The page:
The British Horseracing Authority (BHA) says security chief Paul Scotney will continue in his role after the collapse of the Old Bailey race-fixing trial.
Fallon was cleared of conspiracy to defraud Betfair customers
Scotney has led a crackdown on alleged corruption in the sport.
But he faced calls to resign from some commentators when former champion jockey Kieren Fallon and five others were acquitted after a £10m trial.
A review of the BHA's security operations will be headed by ex-chief constable Dame Elizabeth Neville.
The BHA says she will "take into account any issues raised by the trial" and is expected to report in the early months of the new year.
Chief executive Nic Coward said: "Nothing has changed the resolve of the British Horseracing Authority to preserve the highest levels of integrity in the sport. This remains a priority."
Former Wiltshire police chief Dame Elizabeth Neville, Britain's second female chief constable and a director of the Serious Fraud Office, will report directly to Coward.
"Racing has built a strong track record in recent years, particularly through the work of the regulatory committee and security department," he said.
Scotney leads a team of betting and intelligence analysts
"This has been recognised by other major sports, regulators and Government.
"This role for racing has been carried out by Paul Scotney and the department he has led throughout this time, and which the board has tasked him with building on in the future."
Scotney spent 27 years as a police officer, and the former detective was recruited by the then Jockey Club in 2003 after the BBC Panorama TV programme called 'The Corruption of Horse Racing'.
Since the Panorama programme, more than 40 licensed individuals, including jockeys, trainers and owners, have been banned from the sport.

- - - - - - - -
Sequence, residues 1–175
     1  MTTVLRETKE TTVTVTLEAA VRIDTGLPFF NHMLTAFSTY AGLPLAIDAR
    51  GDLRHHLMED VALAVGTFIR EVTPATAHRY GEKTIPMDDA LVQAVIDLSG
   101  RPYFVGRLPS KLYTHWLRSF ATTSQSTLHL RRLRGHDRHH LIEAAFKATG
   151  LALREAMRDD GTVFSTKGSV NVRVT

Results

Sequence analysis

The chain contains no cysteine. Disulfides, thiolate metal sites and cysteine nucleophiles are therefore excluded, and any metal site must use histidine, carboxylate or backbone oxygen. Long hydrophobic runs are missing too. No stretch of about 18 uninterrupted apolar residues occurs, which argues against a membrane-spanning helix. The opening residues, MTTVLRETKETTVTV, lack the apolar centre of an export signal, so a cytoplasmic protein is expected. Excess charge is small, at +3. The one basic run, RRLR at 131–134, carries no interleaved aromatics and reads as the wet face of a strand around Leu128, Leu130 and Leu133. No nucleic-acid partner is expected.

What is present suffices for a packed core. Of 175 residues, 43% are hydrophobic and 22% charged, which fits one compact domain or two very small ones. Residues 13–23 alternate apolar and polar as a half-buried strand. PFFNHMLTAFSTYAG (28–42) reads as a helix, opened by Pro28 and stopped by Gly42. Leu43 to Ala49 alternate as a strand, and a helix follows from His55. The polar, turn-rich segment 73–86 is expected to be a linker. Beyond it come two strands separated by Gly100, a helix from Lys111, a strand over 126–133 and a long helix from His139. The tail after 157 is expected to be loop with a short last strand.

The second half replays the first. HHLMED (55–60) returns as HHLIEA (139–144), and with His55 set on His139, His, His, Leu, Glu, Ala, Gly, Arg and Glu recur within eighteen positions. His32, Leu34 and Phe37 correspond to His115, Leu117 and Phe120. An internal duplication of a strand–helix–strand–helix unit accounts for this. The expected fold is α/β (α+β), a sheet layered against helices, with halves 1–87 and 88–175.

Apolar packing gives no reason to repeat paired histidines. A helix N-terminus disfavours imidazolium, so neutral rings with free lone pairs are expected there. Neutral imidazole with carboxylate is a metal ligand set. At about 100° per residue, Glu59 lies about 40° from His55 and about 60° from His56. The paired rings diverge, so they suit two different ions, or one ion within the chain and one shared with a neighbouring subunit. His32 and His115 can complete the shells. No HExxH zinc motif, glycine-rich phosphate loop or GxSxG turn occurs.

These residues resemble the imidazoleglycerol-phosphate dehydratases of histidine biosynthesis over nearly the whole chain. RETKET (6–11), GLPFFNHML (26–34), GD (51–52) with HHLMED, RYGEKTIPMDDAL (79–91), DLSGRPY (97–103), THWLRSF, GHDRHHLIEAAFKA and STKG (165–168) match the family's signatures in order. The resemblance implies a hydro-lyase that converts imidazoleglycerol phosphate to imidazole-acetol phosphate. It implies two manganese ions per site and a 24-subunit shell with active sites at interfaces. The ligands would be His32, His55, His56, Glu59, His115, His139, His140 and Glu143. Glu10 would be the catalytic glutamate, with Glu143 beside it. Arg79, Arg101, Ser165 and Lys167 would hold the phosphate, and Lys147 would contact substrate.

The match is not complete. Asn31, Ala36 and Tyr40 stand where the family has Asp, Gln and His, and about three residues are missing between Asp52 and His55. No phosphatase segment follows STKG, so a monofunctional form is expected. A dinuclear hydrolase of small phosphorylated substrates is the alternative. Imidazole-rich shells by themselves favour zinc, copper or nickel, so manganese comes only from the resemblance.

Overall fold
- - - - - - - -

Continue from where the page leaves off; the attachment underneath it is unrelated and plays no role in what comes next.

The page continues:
Scotney insists Fallon was not the main focus of information passed by the BHA to City of London police in March 2004, which led to a criminal investigation into allegations of race fixing.
Ben Gunn, the BHA's non-executive director with special responsibility for integrity matters, said: "It is a matter of fact to say that once this information was passed to the police, the preparation of the case was wholly in their hands."
Fallon, fellow jockeys Fergal Lynch and Darren Williams, gambler Miles Rodgers, Lynch's brother Shaun and barman Philip Sherkle went on trial at the Old Bailey accused of conspiring to defraud customers of the online betting exchange Betfair.
They all denied wrongdoing and Fallon said after their acquittals that he was "outraged" to have been charged.
Police had referred the case to the Crown Prosecution Service (CPS), which ruled it should go ahead.
One of the main prosecution witnesses at the trial was Australian steward Ray Murrihy, who admitted he was not familiar with all the rules and culture of British racing.
"The decision on expert witnesses called to give evidence is entirely a matter for the police, the CPS and prosecuting counsel," said Gunn.
"Neither the BHA nor our predecessor, the Horseracing Regulatory Authority, had any part in this decision."